Ghana need to get back their pzazz before facing Mali on Thursday. Coach Kwesi Appiah insists they're doing just that. Players on both teams insist they're confident.
Ghana coach Kwesi Appiah claims that he is relishing the tactical battle with his Mali counterpart Patrice Carteron.
The two sides meet on Thursday in the second round of games in Group B in Port Elizabeth.
Mali go into the encounter as group leaders following their 1-0 win over Niger on Sunday. Ghana, by contrast, need to rekindle their confidence after letting slip a two goal lead to draw 2-2 with Democratic Republic of Congo (DRC).
"Mali have a good team," said Appiah on the eve of the clash. "They are one of the few teams that won their first game and that shows they are a good side. So we have to go out there and give one of our best games."
Ghana came into the tournament as one of the favourites along with Côte d'Ivoire and the defending champions Zambia. The Black Stars have been often tipped for greatness ever since their surge to the semi-finals on home soil five years ago.
They confirmed their promise by reaching the final in Angola in 2010 only to be beaten by the all conquering Egyptians.
Consequently their loss in the semi-finals to Zambia in Gabon and defeat in the third-place play off to Mali were considered as setbacks.
Ghana was led last year by Goran Stevanovic while Mali was under the aegis of former France international Alain Giresse.
Appiah, like Giresse's successor, will be keen to prove his worth to expectant publics.
"The players are determined to work harder than they have before," added Appiah, himself a former Ghana international. "They'll be more tactically disciplined, making sure they have full concentration on the pitch up to the end."
Appiah identified that loss of focus as the key reason for their capitulation against DRC.
But it could well have been insider information.
DRC - here at the Africa Cup of Nations for the first time since 2006 - are led by the former Ghana coach Claude Leroy. He steered Ghana to third place in 2008 and was responsible for the emergence of players such as Asamoah Gyan and John Paintsil. If anyone knew their weaknesses it was the 64-year-old Frenchman.
Appiah appears keen not to have structural limitations so saliently exposed anew.
"Patrice [Carteron] will assess the Ghana team," he says. "I've had a lot of information on them and I was able to watch their game against Niger. It's important to plan our own strategy.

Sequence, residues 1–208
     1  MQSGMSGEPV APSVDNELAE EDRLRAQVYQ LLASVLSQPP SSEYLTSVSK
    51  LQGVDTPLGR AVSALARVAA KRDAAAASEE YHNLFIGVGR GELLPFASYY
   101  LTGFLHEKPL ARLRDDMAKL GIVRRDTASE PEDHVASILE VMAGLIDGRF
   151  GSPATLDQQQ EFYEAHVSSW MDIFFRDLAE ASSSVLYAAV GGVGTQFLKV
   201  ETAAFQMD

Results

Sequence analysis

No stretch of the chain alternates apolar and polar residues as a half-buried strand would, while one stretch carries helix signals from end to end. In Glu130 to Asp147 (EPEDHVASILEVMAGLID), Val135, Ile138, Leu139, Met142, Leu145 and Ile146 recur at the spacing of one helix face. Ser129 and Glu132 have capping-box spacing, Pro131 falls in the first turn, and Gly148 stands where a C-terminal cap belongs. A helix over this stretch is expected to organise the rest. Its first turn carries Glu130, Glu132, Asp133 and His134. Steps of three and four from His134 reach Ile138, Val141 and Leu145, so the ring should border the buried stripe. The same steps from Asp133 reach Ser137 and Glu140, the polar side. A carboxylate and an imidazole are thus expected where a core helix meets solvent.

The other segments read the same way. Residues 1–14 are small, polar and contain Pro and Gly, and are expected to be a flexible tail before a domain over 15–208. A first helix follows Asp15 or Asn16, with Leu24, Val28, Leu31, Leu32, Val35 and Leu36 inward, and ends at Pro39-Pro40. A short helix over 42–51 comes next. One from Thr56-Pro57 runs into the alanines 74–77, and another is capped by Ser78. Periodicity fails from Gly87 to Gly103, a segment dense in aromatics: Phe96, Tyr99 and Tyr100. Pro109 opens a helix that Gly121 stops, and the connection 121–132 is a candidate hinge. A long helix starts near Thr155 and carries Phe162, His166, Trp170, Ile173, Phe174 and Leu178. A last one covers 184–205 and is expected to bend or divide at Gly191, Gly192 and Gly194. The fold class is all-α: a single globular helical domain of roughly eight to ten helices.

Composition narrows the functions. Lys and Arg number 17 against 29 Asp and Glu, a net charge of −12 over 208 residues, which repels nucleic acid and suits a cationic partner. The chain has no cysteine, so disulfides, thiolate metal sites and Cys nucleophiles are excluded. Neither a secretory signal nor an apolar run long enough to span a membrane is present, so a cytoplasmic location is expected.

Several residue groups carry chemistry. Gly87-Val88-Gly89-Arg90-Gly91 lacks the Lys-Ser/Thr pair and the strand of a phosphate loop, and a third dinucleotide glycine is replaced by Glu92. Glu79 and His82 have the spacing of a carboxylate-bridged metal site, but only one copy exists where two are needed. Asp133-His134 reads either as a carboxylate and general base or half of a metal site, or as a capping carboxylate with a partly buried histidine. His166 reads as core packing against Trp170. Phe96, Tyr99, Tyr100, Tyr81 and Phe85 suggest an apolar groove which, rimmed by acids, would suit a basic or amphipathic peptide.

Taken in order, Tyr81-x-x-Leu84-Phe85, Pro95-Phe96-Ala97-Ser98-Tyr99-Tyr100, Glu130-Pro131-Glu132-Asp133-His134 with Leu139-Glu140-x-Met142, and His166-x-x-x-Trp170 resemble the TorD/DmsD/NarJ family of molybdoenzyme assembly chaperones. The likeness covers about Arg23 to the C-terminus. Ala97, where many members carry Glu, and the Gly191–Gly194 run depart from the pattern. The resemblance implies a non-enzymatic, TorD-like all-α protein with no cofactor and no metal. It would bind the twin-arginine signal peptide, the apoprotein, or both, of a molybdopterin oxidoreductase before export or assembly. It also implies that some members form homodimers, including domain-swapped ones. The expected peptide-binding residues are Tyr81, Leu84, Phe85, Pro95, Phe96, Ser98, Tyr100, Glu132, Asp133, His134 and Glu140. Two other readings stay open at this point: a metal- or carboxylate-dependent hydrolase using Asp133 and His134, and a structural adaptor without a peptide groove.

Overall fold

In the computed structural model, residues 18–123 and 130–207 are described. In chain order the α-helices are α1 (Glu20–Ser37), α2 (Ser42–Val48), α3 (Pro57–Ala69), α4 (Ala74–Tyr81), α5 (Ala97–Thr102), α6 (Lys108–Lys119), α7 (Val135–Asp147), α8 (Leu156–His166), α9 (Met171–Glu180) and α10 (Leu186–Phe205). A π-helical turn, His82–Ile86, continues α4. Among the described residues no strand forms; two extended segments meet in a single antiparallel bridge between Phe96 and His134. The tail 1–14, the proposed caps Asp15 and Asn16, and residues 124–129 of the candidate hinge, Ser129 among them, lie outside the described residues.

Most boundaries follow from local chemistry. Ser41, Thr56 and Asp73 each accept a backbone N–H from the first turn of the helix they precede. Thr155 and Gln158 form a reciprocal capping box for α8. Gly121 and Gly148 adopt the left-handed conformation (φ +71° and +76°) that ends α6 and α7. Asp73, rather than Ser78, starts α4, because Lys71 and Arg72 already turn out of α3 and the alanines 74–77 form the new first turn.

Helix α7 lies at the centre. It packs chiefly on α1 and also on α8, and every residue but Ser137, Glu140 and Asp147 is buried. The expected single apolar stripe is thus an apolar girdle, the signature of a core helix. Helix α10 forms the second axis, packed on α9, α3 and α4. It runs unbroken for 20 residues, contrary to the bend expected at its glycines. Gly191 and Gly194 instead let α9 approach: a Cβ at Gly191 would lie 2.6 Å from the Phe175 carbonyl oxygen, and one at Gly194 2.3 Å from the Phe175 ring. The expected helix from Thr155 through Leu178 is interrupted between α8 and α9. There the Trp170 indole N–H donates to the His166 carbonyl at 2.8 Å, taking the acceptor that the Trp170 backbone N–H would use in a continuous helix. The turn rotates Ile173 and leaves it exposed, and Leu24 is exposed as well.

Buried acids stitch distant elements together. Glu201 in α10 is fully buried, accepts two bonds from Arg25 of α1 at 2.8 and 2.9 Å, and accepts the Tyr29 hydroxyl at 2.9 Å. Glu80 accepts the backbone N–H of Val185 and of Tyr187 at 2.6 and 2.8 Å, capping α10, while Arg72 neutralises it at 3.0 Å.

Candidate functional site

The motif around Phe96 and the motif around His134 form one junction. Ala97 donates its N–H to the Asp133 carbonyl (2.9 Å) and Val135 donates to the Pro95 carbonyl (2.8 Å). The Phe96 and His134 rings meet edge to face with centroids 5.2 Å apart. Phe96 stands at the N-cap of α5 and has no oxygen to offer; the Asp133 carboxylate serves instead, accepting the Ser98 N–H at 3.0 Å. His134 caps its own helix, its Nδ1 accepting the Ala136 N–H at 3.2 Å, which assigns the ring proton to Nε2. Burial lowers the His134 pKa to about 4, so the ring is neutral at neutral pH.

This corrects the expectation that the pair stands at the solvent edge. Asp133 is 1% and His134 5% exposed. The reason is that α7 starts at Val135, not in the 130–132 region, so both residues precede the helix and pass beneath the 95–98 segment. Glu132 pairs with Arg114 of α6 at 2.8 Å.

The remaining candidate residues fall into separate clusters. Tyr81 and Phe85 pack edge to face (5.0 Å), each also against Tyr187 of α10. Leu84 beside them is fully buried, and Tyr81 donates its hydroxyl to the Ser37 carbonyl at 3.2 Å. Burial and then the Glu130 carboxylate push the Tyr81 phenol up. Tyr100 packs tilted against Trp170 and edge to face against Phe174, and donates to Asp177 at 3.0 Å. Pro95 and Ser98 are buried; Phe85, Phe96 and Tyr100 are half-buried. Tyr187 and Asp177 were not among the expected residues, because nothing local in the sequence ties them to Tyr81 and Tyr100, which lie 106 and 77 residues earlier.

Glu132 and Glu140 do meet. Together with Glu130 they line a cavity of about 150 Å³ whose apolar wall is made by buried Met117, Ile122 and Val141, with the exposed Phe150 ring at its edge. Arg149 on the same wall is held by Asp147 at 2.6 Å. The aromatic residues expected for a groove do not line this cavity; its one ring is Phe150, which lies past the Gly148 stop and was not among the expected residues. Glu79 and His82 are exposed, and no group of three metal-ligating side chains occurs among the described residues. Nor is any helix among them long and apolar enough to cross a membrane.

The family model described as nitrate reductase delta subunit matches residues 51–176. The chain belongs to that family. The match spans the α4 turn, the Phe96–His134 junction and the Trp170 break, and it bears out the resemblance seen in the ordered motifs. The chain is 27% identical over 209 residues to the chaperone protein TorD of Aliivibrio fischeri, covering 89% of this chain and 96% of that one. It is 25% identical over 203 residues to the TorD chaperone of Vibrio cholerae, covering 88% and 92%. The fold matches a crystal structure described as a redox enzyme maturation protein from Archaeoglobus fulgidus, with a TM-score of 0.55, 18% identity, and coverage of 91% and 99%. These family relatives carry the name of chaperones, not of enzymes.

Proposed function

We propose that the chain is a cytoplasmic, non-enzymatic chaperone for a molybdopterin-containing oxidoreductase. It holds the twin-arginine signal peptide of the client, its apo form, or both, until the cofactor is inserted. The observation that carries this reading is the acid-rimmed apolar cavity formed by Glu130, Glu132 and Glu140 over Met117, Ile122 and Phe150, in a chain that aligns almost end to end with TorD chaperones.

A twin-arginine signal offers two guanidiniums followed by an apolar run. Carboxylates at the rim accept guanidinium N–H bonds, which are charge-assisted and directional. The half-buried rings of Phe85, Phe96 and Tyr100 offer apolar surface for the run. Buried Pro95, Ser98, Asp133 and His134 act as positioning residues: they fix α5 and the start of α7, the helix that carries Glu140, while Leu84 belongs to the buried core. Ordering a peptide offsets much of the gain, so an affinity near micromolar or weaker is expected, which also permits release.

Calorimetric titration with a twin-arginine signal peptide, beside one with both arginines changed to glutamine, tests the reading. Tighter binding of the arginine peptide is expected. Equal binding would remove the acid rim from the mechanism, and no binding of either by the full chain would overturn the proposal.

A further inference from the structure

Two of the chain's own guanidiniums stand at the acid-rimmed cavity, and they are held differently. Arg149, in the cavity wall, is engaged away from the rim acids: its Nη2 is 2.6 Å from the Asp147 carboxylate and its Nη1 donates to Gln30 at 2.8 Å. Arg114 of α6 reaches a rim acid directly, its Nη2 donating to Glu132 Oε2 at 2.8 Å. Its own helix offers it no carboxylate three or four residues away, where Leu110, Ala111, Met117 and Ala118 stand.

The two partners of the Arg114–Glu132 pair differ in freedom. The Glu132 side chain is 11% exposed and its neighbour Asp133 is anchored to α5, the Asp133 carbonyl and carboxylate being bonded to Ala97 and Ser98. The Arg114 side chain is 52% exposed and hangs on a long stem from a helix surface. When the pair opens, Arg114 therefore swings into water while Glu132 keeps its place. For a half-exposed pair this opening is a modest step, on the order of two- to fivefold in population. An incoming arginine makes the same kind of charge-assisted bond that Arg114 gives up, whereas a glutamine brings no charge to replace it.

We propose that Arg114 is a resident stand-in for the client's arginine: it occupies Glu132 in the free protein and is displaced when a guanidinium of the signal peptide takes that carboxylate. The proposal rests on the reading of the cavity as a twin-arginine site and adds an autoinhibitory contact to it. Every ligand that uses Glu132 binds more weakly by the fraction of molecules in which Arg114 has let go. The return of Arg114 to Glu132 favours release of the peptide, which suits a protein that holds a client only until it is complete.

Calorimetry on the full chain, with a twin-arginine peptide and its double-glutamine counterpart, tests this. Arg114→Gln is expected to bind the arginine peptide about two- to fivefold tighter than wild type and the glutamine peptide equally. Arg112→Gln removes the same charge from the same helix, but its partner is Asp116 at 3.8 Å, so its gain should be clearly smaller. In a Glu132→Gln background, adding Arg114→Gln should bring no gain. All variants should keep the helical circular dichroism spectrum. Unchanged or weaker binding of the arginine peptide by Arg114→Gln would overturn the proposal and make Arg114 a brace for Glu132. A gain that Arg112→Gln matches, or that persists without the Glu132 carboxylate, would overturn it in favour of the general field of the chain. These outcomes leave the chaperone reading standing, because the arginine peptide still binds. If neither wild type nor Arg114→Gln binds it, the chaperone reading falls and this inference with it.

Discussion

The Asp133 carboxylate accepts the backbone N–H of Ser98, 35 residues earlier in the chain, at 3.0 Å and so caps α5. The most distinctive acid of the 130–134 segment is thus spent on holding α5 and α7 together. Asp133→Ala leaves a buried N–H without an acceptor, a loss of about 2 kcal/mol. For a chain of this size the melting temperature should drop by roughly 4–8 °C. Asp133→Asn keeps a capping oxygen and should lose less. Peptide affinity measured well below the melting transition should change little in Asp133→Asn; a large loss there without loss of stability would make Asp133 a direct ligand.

"Sometimes you may plan your tactics to suit what you've seen and you get on the pitch and find a different strategy has been planned. On saying that you need to organise yours so that no matter what their tactics are, yours are good enough to overcome them."
And Ghana will have to surmount Mali if they are to have any chance of lifting their first continental title since 1982 when they were led to their fourth title by the legendary Charles Kumi Gyamfi.
Those glory days loom tantalisingly close and yet seem to be receding ever farther with previously considered minnow nations inserting huge spanners in the works.
Losing to Zambia in the semis in Bata last year was certainly not in the grand plan and neither was a stalemate with the DRC.
"After the draw we did some psyching up of the players," Appiah said. "I talked to them one-to-one and then you look at their behaviour on and off the pitch. You can see that everyone has forgotten about the first match and that they're looking to the second game."
None more so than 22-year-old Wakaso Mubarak. He's at his first Africa Cup of Nations and after starting the game against the DRC, the Espanyol midfielder will expect to be in the line-up for the crunch against Mali. He'll also be facing the trophy-laden maestro that is Seydou Keita.
The 33-year-old, who's representing his country in his sixth Africa Cup of Nations, now ploughs the midfield furrows for the Chinese Super League side Dalian Aerbin. But those pastures have come after four glittering years at Barcelona during which he won two Uefa Champions League titles and three La Liga crowns.
Keita made his first appearance in the final 16 in 2002 when Mubarak was effectively learning to tie his own boot laces.
Is the Ghanaian tyro daunted?
"I played against Keita in Spain and he's a normal player for me," sniffs Mubarak. "Although he is a good player who has had a lot. What the Ghana team needs to do is concentrate on our own form. Obviously we need to look at the Malians but we need to focus on ourselves."
The spotlight will sear on a match that could secure passage for Mali if they win and thereby plunge Ghana into a precarious state.
The Malian midfielder Samba Diakité claims the pressure will overwhelm Ghana.
"They're going to feel it," he says. "They've got lots of new players in the squad. Many are at the tournament for the first time. Last year they were one of the favourites and they know that if they lose to us, then that's virtually it for them."
But the defeat option isn't in the Appiah plan.
"I've told the players to think about what happens in the games and not on outside matters and things that will bring their spirits down," he insists. "I believe that they will not have any pressures and that they'll go out and you will see a different Ghana."